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In this hands-on course, James Williamson demonstrates the concepts that form the foundation of Cascading Style Sheets (CSS), including styling text, adding margins and padding, and controlling how images display. The course also explores the tools needed to work with CSS, the differences between embedded and external styles, how to use selectors to target elements, and what to do when styles conflict.
Welcome to our final lab, working with color. In this lab we are going to return to dissolve.org site and focus on the site's color. Let's take a look at our objectives. I am going to do that by opening up the main.css in the 06_09_css folder and you'll notice that I also have the index in philadelphia page open as well so if you want to check through the source code of those pages to look at the structure, you can do that as well. Now I am also going to preview the finished version of these files in the browser so you can kind of see what I am refereeing to when we go in and talk about our Lab Objectives.
Okay now, the Lab Objectives are once again listed right here at the top of our CSS as comments. The first thing I want you to do is using a tool like Kuler, kuler.adobe.com or one of the Desktop Graphic Design Programs, or your Html Editor, I want you to find the corresponding hexadecimal value to the last three RGB values in the color palette above. Add them to the existing palette. I am just going to scroll up here. You will notice that we are missing the hexadecimal notation for these three values. So what I want you to do is find out what the corresponding hexadecimal notation value is for these three RGB colors, and then type it in here.
If you can use shorthand notation for them, go ahead and do that. But one thing that I haven't done a lot is talk about this color palette. This is actually something I do very, very early on in the design process. I'll go ahead and choose a color theme, if you will for my site. I will then work with the colors, make sure I understand what their notation values are, I put that as a reference in the top of my CSS code, and then I really start planning through my site in terms of how I want to use these colors and what I think these colors are going to be able to communicate to the viewers of the site. So this is a very important part of the design process and we will talk a little bit more about it in the Solutions movie in just a moment.
Okay, the next thing I want you to do, the second one here is to create a default background color for the entire page by defining the background of the html element as Pewter Blue, and again, you are going to use these values from the color palette right up here. I am just going to switch over to my browser. Most of the time your user will never see the background of the HTML pages, because this page is designed to be so wide. But on a higher resolution monitor, they are going to see maybe some of the edges of the pages, or maybe even lot more of that, so I want a nice background color that sort of goes with all the other colors on the page.
So you are going to apply that to the HTML tag and you can find that down in the global styles, or if the rule isn't there you are going to have to create it with in the global styles. Okay next, I want you to find the banner p rule in the banner style section, so by now you should be familiar with how the styles are organized, so you are going to go down to the Banner section and find the paragraph rule inside that banner class, and you are going to use the background property to give it a background color of pewter blue that is also 80% transparent. Now make sure that the transparency only affects the background and not the remainder of the content.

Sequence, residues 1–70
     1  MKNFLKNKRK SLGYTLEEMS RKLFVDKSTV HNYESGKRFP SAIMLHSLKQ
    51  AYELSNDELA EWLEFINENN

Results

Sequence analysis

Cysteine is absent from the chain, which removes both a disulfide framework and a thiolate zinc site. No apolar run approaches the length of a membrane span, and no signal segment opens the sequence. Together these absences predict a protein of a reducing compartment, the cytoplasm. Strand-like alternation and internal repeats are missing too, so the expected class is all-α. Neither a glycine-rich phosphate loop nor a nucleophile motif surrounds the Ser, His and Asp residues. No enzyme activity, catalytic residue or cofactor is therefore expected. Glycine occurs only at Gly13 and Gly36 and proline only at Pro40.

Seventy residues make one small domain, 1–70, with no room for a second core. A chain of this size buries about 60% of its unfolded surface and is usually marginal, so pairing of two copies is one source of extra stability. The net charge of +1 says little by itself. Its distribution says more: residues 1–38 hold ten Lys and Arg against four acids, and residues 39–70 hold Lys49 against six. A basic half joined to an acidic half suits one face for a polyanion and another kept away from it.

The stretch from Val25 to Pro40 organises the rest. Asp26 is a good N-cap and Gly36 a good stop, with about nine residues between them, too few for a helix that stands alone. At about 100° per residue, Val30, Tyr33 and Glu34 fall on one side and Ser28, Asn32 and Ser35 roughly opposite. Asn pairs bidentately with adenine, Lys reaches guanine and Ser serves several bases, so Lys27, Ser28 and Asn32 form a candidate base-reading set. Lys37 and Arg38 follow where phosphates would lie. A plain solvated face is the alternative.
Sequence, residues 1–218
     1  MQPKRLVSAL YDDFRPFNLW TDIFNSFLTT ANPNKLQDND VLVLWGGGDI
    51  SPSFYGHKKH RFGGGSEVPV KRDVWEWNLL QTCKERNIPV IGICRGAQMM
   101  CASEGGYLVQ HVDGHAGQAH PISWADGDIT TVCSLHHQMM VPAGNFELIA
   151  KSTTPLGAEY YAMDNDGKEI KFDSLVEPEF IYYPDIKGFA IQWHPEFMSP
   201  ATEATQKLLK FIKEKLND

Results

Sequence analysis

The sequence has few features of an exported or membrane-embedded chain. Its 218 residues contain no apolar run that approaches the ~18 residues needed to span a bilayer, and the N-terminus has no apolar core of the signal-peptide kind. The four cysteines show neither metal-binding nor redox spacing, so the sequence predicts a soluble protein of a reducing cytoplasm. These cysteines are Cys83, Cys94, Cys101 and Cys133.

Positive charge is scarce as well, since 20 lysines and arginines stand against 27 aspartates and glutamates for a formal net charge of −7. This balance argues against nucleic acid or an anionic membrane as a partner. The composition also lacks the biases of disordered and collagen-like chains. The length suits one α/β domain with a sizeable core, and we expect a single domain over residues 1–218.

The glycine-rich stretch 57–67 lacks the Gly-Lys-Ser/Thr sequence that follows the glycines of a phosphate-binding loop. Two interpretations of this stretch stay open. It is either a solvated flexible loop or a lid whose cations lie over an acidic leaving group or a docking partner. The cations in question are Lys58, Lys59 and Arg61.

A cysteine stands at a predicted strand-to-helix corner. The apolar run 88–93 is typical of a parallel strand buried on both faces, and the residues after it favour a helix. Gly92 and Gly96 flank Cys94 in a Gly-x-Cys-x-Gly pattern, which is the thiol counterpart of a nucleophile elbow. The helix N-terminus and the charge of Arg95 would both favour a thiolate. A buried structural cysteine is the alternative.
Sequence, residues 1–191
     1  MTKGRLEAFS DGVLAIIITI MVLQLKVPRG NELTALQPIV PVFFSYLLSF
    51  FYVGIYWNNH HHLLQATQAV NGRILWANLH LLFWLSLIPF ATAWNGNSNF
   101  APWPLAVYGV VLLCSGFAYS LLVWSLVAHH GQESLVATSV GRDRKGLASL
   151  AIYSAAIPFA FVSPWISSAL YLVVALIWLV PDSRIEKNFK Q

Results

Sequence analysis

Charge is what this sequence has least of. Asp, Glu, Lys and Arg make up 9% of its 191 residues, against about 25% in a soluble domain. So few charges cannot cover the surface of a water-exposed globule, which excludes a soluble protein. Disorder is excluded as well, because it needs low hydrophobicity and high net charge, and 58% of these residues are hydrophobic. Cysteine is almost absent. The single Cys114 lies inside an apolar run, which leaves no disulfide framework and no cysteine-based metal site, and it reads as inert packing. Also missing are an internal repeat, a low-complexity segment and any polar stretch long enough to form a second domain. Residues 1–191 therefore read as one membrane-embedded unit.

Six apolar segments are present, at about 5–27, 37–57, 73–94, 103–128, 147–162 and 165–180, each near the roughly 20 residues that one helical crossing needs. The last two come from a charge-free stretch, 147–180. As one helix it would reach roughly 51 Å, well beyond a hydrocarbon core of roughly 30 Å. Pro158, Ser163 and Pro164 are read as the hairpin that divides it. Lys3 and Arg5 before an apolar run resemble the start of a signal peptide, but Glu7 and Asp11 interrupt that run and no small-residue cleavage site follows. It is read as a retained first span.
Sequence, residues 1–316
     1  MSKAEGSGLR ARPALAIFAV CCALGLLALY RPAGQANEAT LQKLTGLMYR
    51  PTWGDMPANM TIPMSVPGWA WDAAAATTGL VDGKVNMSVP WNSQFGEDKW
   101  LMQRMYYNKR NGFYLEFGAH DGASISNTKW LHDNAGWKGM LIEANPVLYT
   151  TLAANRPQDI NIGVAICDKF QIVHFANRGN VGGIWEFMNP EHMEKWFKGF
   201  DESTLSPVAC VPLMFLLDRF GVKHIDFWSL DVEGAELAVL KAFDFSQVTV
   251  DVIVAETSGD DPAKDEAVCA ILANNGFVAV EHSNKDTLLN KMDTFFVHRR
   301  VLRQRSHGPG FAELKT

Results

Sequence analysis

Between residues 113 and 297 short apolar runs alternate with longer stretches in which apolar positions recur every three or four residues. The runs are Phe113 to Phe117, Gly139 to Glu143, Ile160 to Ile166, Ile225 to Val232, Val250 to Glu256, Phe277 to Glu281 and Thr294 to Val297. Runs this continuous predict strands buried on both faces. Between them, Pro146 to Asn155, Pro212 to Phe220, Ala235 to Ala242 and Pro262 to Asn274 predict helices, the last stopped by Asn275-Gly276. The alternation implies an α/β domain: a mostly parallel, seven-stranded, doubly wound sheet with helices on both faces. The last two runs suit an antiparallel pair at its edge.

To show you what this is going to look like, I'm going to go out to the finished file here and this is what you are going to be styling. You can see that we have sort of this Pewter Blue color, but it's also semi-transparent, so we can see the image behind it. So I want you to go ahead and write the syntax that's going to allow us to do that on that element. And then finally, your last objective is going to be: define the gallery h1 selector and apply a color white to the foreground color that is 60% transparent and then apply a text shadow to the content that is offset by two pixels, both horizontal and vertical uses no blur whatsoever, so 0 Blur, and it uses the Pewter Blue color at 60% Opacity as well.
What is that going to look like? Let me go over to the Philadelphia page, and this is what that's going to look like. So this is white at 60% and then the text shadow as well is 60%. Notice that the text shadow has no blur on it whatsoever, and hopefully this will sort of illuminate to you that not text shadows are bad. Now I am sure that you are going to be able to complete the majority of the tasks here with very little effort. Now for Transparency, I want you to concentrate on the two methods of defining transparency that we learned. Use the method that is going to best suit our needs.
I also want you to take some time to think about the colors being used within the color palette that I just showed you and how adhering to these colors from a color strategy for this site. One of the first things I always do as I mentioned, when designing a site is I come up with a color palette. It helps inform design decisions for the rest of the planning phase and it is gives me a focus for my design very early in the process. Okay, so have fun with the lab.
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